By Bill Studebaker, CIO & President, ROBO Global
October certainly finished strong as equities seemed to be getting into the ‘holiday spirit.’ Whether it was the unexpectedly impressive consumer earnings, incrementally dovish Fed speak, light positioning, a lack of meaningful ‘bad news,’ or the combination of it all, investors’ biggest near-term fears were assuaged. Yet, with much left to chew on as we approach a busy year-end, it remains to be seen just how cheerful global equity markets will remain amidst a mixed backdrop.
Investors have endured a bumpy ride for the better part of this year thanks to soaring inflation, geopolitical hardships, and whipsawing moves in equities. Still, it is remarkable just how resilient this market remains even when experiencing meaningful turbulence. Although markets have been in a “good news is bad news’ regime for many weeks, some long-awaited good news helped illustrate how despondent we had become. This was nowhere more apparent than in our indices, all of which tacked on quick gains for the month of October to illustrate the importance of being invested for the long term.
The ROBO Global Robotics and Automation Index ETF (ROBO) led the way, jumping +10.68%. The ROBO Global Artificial Intelligence ETF (THNQ) was up +5.36%, and the ROBO Global Healthcare Technology and Innovation ETF (HTEC) finished the month +4.96%.1
At least a portion of that movement was due to the Consumer Price Index (CPI) print which finally delivered a downside surprise to fuel the largest single-day equities rally since 20202. Prices for medical care, airfares, and event tickets fell, painfully high shelter costs showed sign of deceleration, and though services drove much of the overall inflation, even those prices cooled somewhat. We believe the buying and short covering that followed the CPI announcement for October made it clear that investors welcomed the news, seeing it as confirmation that the Fed’s aggressive path of rate hikes is working and that annual price gains may have peaked.
All that said, it has been a volatile 2022 for stocks linked to the automation and robotics theme—especially as investors in the 1H22 rotated from growth areas to more value areas. Happily, market leaders in the segment have recently provided solid 2023 guidance. Here are just a handful of examples of this general trend across the sector:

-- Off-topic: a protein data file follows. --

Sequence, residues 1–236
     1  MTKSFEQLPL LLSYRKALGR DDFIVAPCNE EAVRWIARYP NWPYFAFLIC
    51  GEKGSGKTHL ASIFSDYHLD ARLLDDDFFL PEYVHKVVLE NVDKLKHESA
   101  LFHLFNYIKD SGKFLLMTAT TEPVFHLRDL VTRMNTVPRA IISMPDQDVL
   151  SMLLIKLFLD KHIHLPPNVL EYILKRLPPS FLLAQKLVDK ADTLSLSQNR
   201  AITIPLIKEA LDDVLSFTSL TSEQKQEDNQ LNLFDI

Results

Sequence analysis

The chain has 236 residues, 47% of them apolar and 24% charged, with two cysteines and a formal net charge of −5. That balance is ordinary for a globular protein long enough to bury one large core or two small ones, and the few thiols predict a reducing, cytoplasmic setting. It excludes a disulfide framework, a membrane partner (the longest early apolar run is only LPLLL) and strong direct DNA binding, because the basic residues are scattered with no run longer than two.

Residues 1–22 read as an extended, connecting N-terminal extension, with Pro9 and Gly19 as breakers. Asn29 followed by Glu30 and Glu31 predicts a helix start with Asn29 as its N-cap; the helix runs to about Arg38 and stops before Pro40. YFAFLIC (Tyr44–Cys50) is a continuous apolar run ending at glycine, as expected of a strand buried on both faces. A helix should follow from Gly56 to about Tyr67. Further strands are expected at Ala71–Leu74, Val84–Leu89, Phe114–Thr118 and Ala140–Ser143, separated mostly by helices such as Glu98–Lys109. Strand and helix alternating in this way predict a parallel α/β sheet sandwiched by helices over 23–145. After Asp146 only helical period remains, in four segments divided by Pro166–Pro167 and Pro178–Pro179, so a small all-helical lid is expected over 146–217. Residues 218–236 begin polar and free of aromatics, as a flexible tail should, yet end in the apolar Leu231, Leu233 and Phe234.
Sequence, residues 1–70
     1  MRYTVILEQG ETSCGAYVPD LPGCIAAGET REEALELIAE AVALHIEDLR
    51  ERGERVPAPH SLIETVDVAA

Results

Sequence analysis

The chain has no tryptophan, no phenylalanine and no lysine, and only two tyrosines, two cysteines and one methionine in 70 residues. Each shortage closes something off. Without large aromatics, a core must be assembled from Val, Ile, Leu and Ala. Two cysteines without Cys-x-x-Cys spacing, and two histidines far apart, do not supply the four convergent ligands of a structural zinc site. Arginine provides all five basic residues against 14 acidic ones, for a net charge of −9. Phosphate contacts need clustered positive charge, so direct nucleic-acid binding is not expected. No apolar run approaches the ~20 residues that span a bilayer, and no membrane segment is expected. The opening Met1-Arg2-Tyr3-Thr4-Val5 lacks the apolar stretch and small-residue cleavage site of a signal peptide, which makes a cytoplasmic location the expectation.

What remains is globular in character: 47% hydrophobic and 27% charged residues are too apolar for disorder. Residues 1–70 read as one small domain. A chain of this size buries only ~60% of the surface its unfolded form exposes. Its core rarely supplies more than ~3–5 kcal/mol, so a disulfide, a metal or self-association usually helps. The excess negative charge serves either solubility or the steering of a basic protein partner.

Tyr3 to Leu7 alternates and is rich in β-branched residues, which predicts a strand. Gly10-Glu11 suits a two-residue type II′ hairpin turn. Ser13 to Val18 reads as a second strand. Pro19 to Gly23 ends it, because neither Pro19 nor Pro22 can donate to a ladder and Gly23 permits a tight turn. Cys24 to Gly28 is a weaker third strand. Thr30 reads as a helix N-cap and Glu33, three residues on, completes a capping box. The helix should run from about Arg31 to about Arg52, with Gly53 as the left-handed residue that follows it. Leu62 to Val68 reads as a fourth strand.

- Jenoptik reported 12% organic growth in the period from January to September 2022, as well as a significant increase in profitability with an EBITDA margin of 17%.3 This traction is the result of strong momentum in its semiconductor equipment business, which drove up total orders 32% YoY to 884m EUR in the first 9 months of 2022. Order backlog is up 38% to 750m EUR.
- Daifuku reported F2Q order plan (OP) up 45% YoY to ¥14bn, 5-10% above expectations. The full-year order plan was raised substantially from ¥630bn to ¥710bn.4
- Rockwell Automation reported better-than-expected F4Q22 results across all segments, particularly in intelligent devices (+16% YoY) and software and control (+32% YoY), and an improved operating margin of 22.5%. Orders grew 20% in FY22 vs. FY21, and the company has a record-high order backlog.5
- ABB 3Q sales and earnings beat marginally. Orders came in +16% YoY vs 12% expected, and organic revenue grew +18% compared to the expected +15%.6
We remain steadfast in our view that automation and robotics is arguably one of the most important and investable themes in the market. Smart investors always keep their eyes on the future, and the question today is this: Do you think the world will be automating less or more going forward? Despite—or, in many cases, because of—the economic challenges in play today, the transformation towards a more digitized economy is gaining speed. Many companies that enable sought-after automation are posting strong growth rates in their software divisions and across their organizations.
In our opinion, reshoring, labor constraints, and myriad other factors are driving up spending in automation of every kind. In short, everywhere you look, the shift toward automation appears to be strong and accelerating. The question isn’t if automation will drive the future, but when. For investors focused on long-term returns, that’s the reality that matters as we head into the final month of 2022.
1 Source: ROBO Global®, S&P CapitalIQ, For standardized performance data current to the most recent month end, please visit www.roboglobaletfs.com.
2 CPI YoY 7.7% vs. 7.9% cons and MoM 0.4% vs. 0.6% cons
3 Source: Jenoptik
4 Source: Daifuku
5 Source: Rockwell Automation
6 Source: ABB
The performance data quoted represents past performance and is no guarantee of future results. Investment return and principal value of an investment will fluctuate so that an investor's shares, when sold or redeemed, may be worth more or less than the original cost. Current performance may be lower or higher than the performance data quoted. Holdings are subject to change.
This material represents an assessment of the market environment at a specific time and is not intended to be a forecast of future events or a guarantee of future results. This information should not be relied upon by the reader as research or investment advice regarding the fund or any security in particular. Please consult your financial advisor for further information.